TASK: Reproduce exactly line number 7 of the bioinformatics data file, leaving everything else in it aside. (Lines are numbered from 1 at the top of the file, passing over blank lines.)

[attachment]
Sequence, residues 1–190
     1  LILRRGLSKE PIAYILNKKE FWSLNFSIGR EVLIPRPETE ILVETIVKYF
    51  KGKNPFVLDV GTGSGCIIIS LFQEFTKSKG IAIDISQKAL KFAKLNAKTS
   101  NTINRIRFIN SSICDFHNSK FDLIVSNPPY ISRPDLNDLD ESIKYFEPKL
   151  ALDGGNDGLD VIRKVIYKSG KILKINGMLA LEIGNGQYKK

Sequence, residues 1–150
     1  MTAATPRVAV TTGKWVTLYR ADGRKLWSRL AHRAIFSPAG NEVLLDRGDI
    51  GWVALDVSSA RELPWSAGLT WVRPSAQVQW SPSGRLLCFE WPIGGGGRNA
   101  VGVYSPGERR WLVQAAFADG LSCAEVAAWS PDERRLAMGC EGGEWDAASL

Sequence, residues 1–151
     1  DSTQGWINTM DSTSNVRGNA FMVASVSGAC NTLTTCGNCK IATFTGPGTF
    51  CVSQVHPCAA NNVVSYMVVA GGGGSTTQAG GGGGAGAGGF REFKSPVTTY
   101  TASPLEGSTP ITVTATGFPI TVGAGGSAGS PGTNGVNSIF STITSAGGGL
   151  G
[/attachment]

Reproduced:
     1  MTAATPRVAV TTGKWVTLYR ADGRKLWSRL AHRAIFSPAG NEVLLDRGDI